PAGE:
- Availability of hydro-electric and wind energy with up to 15-year competitive fixed price contracts being offered.
- The Nordic region and China’s One Belt One Road initiative. As China’s giant players begin to expand internationally along these routes, the Nordics can potentially harness new infrastructure investments.
- Connectivity improvements
- Fintech driving new investment and enquiry, particularly in Sweden
- Ease of doing business is an increasingly important factor and most countries in the region have developed sophisticated channels and structures to make the decision for overseas investors as smooth and rapid as possible
- Integrating IBM POWER9 Servers Existing HPC Infrastructures to run numerical computations that require large memory and fast speed
- Deploying high performance computing and cloud to support a big-uptake in research into Artificial Intelligence
- Making best use of Big Data analytics, data science and machine learning to extract insights and drive service transformation
- Enhancing levels of computer sophistication to run algorithms that can help enhance the veracity of information
- Sifting through the noise created by Big Data’s massive volume, variety, and velocity and unravelling opportunities for economic growth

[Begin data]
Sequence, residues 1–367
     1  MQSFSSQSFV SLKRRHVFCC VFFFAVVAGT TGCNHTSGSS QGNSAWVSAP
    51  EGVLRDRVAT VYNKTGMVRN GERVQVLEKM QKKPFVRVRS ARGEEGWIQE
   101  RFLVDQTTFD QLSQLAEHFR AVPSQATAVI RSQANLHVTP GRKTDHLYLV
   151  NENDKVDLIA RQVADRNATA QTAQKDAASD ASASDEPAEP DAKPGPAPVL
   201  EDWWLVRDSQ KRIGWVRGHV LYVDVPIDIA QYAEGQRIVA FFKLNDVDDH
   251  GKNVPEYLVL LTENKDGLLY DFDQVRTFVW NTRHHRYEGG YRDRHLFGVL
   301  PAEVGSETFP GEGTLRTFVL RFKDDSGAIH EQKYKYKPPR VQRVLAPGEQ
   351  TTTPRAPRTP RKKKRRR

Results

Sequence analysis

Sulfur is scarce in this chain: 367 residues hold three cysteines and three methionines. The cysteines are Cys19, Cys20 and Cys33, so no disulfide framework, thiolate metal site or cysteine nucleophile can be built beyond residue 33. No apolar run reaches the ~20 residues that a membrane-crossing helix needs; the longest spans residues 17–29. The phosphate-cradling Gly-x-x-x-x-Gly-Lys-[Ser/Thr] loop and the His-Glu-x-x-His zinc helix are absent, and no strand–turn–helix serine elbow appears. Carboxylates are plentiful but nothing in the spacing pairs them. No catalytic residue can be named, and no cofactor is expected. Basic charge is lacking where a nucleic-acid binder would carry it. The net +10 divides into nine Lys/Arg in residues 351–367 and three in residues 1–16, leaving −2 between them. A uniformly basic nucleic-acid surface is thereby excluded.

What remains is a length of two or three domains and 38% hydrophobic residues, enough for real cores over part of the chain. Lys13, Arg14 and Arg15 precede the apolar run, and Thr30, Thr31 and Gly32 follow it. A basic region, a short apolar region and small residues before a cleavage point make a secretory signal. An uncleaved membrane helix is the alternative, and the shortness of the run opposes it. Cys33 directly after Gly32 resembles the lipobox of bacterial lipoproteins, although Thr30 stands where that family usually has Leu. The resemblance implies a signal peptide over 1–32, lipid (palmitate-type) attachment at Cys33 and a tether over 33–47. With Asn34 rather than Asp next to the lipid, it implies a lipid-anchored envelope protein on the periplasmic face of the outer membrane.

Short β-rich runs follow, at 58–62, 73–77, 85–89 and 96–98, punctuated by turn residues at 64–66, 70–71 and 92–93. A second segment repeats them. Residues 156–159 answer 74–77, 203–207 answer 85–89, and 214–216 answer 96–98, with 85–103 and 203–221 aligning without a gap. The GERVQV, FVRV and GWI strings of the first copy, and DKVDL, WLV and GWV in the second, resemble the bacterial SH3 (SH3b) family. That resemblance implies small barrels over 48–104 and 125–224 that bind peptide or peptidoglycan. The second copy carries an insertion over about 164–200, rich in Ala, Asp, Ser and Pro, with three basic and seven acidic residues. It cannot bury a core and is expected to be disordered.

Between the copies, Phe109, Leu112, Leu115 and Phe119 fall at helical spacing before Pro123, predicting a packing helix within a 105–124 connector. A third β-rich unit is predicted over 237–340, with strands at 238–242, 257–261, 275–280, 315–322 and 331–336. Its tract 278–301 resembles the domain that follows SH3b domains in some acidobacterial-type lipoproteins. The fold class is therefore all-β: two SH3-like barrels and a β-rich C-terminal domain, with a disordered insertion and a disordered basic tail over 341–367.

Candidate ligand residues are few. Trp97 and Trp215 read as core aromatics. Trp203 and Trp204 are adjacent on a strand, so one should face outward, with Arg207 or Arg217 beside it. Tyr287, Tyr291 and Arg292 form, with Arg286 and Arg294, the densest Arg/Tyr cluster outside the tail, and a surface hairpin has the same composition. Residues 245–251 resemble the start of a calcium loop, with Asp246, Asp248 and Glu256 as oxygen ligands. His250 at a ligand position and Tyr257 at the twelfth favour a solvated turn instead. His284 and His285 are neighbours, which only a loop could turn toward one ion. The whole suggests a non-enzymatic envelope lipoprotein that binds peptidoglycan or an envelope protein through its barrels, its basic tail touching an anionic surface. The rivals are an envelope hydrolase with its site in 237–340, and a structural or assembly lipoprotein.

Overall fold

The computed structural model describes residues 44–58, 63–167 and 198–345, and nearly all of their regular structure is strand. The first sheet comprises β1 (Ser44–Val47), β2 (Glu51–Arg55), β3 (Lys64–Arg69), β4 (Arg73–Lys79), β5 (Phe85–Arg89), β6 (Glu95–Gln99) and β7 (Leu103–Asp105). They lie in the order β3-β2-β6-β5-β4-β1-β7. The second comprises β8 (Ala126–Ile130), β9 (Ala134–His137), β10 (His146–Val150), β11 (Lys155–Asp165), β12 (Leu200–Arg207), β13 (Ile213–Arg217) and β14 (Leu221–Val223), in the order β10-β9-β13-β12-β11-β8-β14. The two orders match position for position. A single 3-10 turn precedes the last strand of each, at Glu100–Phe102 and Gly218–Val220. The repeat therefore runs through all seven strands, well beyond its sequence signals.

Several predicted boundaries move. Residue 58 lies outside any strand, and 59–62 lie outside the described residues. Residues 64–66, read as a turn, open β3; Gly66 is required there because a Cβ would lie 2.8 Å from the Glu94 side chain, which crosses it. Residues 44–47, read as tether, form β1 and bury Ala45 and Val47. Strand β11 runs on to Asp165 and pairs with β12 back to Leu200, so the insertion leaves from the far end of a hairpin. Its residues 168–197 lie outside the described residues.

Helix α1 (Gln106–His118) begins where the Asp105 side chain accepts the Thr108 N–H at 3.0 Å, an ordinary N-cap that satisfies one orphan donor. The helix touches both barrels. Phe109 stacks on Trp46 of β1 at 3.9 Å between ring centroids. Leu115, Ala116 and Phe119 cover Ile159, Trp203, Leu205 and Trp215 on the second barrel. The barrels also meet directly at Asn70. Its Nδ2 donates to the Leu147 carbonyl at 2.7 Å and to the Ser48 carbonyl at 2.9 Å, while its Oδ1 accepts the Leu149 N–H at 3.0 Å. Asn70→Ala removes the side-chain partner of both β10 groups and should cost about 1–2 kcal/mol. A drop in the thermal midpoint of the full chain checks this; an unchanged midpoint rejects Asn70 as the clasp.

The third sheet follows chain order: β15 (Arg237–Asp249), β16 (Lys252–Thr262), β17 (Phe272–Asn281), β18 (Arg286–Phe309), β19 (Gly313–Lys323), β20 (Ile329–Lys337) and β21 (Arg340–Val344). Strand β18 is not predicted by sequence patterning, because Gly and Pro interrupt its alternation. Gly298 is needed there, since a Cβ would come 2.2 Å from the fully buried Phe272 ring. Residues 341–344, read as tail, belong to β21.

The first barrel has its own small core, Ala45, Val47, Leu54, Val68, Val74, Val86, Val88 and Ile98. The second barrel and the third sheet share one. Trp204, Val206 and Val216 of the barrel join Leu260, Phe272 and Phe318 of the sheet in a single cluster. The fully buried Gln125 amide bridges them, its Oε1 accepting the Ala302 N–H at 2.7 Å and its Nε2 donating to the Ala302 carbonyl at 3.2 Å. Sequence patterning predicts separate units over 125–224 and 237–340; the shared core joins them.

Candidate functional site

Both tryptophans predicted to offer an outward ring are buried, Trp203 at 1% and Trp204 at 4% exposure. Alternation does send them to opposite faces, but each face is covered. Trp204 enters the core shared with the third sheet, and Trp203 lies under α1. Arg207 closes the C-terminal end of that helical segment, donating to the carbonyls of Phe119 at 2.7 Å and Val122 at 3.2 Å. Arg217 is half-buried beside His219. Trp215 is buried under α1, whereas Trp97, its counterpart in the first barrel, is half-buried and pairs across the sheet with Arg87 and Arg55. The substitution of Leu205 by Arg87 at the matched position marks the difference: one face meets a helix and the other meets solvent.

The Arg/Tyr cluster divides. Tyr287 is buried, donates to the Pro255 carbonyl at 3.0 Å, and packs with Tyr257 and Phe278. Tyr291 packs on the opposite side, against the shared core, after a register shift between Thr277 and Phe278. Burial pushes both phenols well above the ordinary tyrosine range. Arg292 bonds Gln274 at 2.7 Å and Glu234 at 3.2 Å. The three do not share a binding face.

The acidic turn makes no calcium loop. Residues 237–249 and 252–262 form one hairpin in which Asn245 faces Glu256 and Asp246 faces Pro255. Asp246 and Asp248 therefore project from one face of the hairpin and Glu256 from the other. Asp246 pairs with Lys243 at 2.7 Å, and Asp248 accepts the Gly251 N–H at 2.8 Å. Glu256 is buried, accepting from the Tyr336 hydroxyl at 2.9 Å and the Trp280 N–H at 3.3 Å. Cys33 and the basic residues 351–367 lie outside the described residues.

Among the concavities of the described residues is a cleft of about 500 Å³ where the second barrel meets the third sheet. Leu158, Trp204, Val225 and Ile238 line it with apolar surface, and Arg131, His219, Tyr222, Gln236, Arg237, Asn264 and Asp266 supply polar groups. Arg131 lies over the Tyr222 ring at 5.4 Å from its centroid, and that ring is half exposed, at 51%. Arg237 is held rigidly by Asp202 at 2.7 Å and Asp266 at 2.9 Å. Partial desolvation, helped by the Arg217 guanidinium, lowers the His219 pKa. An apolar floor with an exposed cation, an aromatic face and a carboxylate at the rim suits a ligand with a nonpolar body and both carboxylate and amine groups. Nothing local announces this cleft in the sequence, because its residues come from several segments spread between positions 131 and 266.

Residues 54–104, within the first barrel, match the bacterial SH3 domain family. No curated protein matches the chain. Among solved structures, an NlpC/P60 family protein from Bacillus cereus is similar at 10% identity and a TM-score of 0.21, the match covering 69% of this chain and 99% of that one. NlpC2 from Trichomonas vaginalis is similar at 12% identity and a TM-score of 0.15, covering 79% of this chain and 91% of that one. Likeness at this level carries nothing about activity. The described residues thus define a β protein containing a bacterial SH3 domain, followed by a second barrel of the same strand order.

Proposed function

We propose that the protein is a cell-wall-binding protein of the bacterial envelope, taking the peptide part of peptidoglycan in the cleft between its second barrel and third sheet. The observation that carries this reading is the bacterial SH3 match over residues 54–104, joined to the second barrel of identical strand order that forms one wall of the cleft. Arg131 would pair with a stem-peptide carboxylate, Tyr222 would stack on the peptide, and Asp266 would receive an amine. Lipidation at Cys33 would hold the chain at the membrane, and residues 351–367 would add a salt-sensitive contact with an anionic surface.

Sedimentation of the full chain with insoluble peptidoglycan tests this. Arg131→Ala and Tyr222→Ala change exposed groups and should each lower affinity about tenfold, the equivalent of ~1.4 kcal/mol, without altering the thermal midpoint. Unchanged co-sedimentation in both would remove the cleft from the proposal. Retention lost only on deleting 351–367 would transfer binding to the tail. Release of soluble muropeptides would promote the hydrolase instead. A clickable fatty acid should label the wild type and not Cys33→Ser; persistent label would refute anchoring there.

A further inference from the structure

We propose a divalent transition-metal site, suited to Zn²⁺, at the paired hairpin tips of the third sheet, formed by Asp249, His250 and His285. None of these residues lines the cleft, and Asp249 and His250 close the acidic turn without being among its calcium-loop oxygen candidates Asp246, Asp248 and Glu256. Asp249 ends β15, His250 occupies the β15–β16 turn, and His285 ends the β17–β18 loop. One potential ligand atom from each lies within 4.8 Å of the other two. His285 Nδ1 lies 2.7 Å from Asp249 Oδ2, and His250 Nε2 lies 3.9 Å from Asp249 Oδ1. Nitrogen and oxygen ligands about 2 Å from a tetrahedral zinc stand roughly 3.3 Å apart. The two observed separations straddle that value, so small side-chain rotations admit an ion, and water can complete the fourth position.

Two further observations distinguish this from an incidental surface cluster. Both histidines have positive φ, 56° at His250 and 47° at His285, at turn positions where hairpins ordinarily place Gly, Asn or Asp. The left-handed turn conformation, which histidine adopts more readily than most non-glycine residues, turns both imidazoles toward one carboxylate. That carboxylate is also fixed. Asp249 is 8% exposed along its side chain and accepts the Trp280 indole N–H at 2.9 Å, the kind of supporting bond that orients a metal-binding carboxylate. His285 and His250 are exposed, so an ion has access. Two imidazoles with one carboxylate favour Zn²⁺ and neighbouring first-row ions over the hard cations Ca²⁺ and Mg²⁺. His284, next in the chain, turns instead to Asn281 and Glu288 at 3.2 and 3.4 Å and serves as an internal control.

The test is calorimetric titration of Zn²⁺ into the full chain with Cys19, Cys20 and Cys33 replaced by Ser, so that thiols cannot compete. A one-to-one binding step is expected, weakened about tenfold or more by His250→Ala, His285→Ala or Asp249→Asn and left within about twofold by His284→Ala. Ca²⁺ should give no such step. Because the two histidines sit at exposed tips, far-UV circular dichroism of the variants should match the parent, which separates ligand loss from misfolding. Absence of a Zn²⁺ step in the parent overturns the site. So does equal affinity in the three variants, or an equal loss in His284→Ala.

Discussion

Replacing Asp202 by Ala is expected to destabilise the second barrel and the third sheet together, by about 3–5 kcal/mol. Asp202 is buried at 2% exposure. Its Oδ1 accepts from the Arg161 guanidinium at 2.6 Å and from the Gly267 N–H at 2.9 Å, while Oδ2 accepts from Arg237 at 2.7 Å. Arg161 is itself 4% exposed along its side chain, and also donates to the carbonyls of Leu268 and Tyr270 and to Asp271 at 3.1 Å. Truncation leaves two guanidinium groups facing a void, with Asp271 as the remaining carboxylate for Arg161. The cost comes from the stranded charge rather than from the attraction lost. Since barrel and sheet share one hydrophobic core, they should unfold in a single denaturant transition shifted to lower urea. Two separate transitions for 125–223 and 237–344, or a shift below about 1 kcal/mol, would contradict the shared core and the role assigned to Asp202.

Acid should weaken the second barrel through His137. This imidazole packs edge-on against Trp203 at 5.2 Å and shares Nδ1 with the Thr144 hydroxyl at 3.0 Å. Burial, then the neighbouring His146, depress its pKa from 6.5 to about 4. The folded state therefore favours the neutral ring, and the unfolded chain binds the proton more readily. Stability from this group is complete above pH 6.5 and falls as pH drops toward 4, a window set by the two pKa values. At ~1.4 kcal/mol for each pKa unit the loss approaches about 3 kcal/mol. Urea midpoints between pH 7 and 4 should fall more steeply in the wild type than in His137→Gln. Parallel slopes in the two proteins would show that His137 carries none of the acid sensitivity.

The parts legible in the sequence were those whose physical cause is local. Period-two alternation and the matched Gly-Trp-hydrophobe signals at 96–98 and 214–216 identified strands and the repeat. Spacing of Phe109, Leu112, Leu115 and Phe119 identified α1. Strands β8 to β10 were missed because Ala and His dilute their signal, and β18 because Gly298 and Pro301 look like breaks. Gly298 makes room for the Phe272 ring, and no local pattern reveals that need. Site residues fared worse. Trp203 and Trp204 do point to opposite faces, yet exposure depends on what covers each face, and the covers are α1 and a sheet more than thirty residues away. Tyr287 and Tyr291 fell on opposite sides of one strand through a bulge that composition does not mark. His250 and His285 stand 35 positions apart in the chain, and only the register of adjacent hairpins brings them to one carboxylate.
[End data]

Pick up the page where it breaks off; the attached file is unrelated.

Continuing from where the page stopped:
Hartree Centre, STFC (Confirmed)
Head of Programme, Big Data, Cloud & Mobile
Richard J Self
Research Fellow, Big Data Lab and Senior Lecturer in Analytics and Governance, Department of Computing and Maths, College of Engineering and Technology
University of Derby (Confirmed)
- Launching the All-Party Parliamentary Group on Data Analytics in October, to explore the realm of ‘big data’ and HPC in the UK to help both the private and public sectors
- Highlighting the importance of ‘big data’, with it set to contribute £20 billion of benefit for central government over five years
- Breaking down Government departmental silos and improving the quality of data used by the Government
- Tapping into the expected 157,000 additional jobs and £241 billion gain to UK economy from big data by 202
- Hosting data from 15 missions with each one of them outputting roughly 1.3 Terabytes of uncompressed data to Earth
- Managing the continual flow of satellite data to monitor crafts’ status and behaviour in real time
- Using machine learning, and aiming to embed AI with virtual assistants, to enable automation within the space craft
- Investing £97m in a new supercomputer building to enable forecast updates every hour and provide very high detail weather information for precise geographical areas
- Delivering £2bn of benefits to the UK economy by squaring HPC capability with the latest advances in hardware, software and infrastructure
- Opening the potential for higher resolution models, which would have the ability to pinpoint more detail for small scale, high-impact weather
- Drawing data from 4,500 observational sources, including 16 operational radar and 330 monitoring stations in the UK, plus 19 satellites, and from other national meteorological services around the world